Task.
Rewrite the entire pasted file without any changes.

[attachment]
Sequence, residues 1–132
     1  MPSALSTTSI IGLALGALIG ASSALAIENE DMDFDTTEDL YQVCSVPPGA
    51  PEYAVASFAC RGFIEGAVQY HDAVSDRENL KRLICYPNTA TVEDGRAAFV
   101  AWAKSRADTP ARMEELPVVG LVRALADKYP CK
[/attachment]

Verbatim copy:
Sequence, residues 1–132
     1  MPSALSTTSI IGLALGALIG ASSALAIENE DMDFDTTEDL YQVCSVPPGA
    51  PEYAVASFAC RGFIEGAVQY HDAVSDRENL KRLICYPNTA TVEDGRAAFV
   101  AWAKSRADTP ARMEELPVVG LVRALADKYP CK